In previous studies, Cwikla's group looked at the best diagnostic algorithm for imaging endocrine tumors. In a 2004 paper, they compared the value of CT and MRI when added to 111In-octreotide somatostatin reception scintigraphy (SRS). They found that individually, none of the modalities were that adept at disease evaluation, but that combining MR and SRS resulted in higher diagnostic value. In the second study, they suggested that CT and SRS could be used in conjunction, but that ultimately, pathology and immunohistochemistry results would be the key to patient management (Medical Science Monitor, June 2004, Vol. 10: supplement 3, pp. 9-16; Polish Journal of Radiology; September 6, 2005, Vol. 70:4, pp. 87-96).

In new study published this month, a multispecialty group from France has proposed using 18F-fluorodihydroxyphenylalanine (18F-FDOPA)-PET for the diagnosis and follow-up of digestive endocrine tumors. They also performed a head-to-head comparison of 18F-FDOPA-PET with 111In-pentetreotide SRS.

As with Cwikla's group, Dr. Françoise Montravers and colleagues stressed that precise tissue histologic characterization was very important in order to achieve complete morphologic imaging results. Nonetheless, this multispecialty group found that the PET paradigm offers useful information about the nature of digestive endocrine tumors, as well as some advantages over SRS.

"18F-FDOPA-PET is based on the capacity of endocrine tumor cells to take up, decarboxylate, and store amino acids," wrote Montravers, who is a nuclear medicine specialist at the Hôpital Tenon AP-HP and the Université Pierre et Marie Curie, both in Paris. Her co-authors are from the gastroenterology department at her institutions and the Hôpital Beaujon AP-HP in Clichy, France.

The authors pointed out that during the study period (2002-2005), 18F-FDOPA was not approved for use as a radiopharmaceutical in France (Journal of Nuclear Medicine, September 2006, Vol. 47:9, pp. 1445-1462).

The study population consisted of 30 consecutive patients with histologically proven malignant digestive endocrine tumors. Fifteen patients with known small-bowel carcinoid tumors; eight with non-carcinoid tumors; and seven with primary tumors underwent PET and SRS. The SRS exam was done first and the median time between the two exams was 20 days. PET scans were done with either 2 MBq/kg of 18F-FDOPA (C-PET, Philips Medical Systems, Andover, MA) or 5 MBq/kg of 18F-FDOPA (Gemini PET/CT, Philips Medical Systems).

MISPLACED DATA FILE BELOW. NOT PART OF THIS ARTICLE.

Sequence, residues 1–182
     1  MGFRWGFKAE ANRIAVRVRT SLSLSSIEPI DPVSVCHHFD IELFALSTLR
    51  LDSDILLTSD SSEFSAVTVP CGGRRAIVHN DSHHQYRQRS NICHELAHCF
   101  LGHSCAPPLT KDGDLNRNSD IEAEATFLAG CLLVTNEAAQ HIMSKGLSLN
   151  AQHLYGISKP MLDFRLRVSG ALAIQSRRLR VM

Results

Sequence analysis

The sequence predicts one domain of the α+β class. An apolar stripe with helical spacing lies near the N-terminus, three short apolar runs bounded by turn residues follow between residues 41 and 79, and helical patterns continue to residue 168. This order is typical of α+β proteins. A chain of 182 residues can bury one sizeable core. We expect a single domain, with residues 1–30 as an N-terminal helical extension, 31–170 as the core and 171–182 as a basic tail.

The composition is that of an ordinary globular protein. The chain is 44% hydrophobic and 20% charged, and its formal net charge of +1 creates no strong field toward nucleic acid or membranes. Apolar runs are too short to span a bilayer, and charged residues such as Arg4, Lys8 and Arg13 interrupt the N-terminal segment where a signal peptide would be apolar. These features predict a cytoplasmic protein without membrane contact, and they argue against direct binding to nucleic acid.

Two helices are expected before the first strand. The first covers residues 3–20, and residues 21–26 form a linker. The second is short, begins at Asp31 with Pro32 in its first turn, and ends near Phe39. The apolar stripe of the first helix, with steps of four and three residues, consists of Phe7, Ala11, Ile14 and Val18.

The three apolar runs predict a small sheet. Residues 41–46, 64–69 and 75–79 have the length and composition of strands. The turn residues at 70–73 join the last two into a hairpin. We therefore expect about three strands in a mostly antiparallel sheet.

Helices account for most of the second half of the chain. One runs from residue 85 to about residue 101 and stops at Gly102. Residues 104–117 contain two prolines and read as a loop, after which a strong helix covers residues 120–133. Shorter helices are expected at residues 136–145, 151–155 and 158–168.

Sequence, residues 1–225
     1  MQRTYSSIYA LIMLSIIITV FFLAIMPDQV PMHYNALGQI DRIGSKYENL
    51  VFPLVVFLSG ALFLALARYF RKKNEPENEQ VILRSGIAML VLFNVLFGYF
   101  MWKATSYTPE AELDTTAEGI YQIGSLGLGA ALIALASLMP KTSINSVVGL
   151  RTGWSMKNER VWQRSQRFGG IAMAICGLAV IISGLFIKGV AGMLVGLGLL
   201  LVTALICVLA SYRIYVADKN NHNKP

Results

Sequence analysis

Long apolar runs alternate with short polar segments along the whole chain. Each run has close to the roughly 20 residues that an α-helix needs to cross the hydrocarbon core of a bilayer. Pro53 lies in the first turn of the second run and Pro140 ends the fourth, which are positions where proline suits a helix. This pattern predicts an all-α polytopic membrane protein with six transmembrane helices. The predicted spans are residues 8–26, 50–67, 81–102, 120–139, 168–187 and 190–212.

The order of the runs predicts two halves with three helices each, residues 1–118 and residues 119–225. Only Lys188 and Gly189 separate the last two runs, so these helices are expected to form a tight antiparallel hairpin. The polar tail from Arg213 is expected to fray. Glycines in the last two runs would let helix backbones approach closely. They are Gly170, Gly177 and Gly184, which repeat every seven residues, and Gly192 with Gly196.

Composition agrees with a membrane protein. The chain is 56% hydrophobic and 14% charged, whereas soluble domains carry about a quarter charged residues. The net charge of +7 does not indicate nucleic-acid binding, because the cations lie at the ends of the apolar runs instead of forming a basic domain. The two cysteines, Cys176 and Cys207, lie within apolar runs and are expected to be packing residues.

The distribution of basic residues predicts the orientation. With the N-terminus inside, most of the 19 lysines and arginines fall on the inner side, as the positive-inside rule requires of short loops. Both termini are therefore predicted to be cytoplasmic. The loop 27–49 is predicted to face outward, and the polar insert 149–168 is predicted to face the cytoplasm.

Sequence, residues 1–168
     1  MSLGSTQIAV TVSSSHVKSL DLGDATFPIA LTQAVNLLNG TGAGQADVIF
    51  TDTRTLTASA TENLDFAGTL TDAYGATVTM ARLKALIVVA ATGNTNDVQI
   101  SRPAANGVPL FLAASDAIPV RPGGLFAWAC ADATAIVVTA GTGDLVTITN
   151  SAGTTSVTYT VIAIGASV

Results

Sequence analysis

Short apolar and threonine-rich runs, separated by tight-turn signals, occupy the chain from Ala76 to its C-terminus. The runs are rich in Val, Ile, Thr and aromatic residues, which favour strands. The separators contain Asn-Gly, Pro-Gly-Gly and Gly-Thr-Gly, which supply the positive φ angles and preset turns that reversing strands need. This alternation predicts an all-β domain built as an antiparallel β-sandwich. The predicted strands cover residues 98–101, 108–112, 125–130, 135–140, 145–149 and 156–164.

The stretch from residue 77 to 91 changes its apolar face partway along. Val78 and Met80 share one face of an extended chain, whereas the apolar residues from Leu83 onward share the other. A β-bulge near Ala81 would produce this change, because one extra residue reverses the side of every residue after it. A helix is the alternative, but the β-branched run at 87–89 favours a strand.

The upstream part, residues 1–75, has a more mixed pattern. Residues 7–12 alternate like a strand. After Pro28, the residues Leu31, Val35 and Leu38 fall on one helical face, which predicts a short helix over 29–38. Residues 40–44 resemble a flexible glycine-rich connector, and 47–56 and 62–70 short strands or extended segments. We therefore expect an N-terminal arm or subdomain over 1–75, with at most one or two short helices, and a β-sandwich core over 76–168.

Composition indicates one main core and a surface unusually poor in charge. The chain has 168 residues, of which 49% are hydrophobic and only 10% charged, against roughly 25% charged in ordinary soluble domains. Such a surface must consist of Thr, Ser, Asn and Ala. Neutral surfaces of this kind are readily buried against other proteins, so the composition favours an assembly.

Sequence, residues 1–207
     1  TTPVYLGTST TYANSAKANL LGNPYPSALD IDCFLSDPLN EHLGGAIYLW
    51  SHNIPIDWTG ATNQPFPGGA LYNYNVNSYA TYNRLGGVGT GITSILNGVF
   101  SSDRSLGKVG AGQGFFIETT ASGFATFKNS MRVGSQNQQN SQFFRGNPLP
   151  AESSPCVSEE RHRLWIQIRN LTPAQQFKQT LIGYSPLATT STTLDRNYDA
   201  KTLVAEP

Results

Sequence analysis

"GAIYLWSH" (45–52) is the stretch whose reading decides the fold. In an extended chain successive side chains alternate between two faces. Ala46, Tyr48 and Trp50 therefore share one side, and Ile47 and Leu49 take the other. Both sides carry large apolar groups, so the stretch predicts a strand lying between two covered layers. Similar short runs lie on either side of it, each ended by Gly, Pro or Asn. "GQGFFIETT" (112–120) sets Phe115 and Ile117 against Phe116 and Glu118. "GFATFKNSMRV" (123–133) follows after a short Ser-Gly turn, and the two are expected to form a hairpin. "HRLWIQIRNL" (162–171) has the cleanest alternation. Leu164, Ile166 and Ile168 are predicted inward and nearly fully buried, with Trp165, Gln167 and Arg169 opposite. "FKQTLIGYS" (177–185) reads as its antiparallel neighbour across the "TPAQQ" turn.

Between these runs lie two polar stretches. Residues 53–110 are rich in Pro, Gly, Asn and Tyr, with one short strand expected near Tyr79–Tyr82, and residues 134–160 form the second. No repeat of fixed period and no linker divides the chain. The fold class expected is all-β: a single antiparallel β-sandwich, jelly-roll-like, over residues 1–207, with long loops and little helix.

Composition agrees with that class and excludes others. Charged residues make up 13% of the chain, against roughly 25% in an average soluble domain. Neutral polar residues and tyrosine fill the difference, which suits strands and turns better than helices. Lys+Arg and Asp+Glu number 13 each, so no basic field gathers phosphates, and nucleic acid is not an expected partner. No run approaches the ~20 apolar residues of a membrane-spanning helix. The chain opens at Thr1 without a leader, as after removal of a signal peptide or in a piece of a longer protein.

Search for primary tumor after detection of bilateral ovarian metastases of well-differentiated endocrine tumor. Bilateral ovariectomy was performed as part of radical surgery for uterine carcinoma. CT and contrast-enhanced bowel x-rays were negative. Primary tumor was clearly identified with 18F-FDOPA PET/CT. Copyright © 2006 by the Society of Nuclear Medicine.

Data were analyzed on a per-patient basis, and there were three possible endpoints to the study, with PET turning in results that were equal to, better than, or worse than SRS.

According to the per-patient analysis, the sensitivity of 18F-FDOPA-PET was 63% and the accuracy was 67% versus 78% sensitivity and 76% accuracy for SRS. 18F-FDOPA-PET was accurate in 17 of 19 exams with one false positive (FP) in a small-bowel carcinoid and one false negative (FN) in a small-bowel (3 mm) tumor. In non-carcinoid tumors, the PET studies were accurate in five of 14 exams.

Same case as above. 111In-pentetreotide SRS provided a doubtful result with negative images 4 hours after injection of 111In-pentetreotide (left) and a doubtful abdominal focus 24 hours after injection (right). Primary small bowel carcinoid was subsequently successfully resected. Copyright © 2006 by the Society of Nuclear Medicine.

On a per-patient basis, SRS was accurate in 15 of 19 tests with one FP and three FN (small lesion size; correspondence with FP on PET; unexplained elevation of urinary 5-HIAA levels). SRS was accurate in 10 of 14 noncarcinoid tumors.

"The main result of the present study was that 18F-FDOPA-PET appeared to be significantly more accurate in carcinoid tumors than in noncarcinoid tumors with an accuracy of 89% and 36%, respectively, on a per-patient basis," the authors stated.

Conversely, SRS proved superior in noncarcinoid tumors, especially for the detection of pancreatic tumors, they added.

They recommended that 18F-FDOPA-PET could be considered the first-line molecular imaging technique for the various segments of carcinoid tumors, from the primary tumor to staging, restaging, and occult recurrence.

By Shalmali Pal
AuntMinnie.com staff writer
September 14, 2006

Endoscopic capsules help pinpoint obscure GI bleeding, September 5, 2006

High homocysteine level linked to hip fractures in women, June 28, 2006

New promise for therapeutic radiopharmaceuticals, June 2, 2006

Copyright © 2006 AuntMinnie.com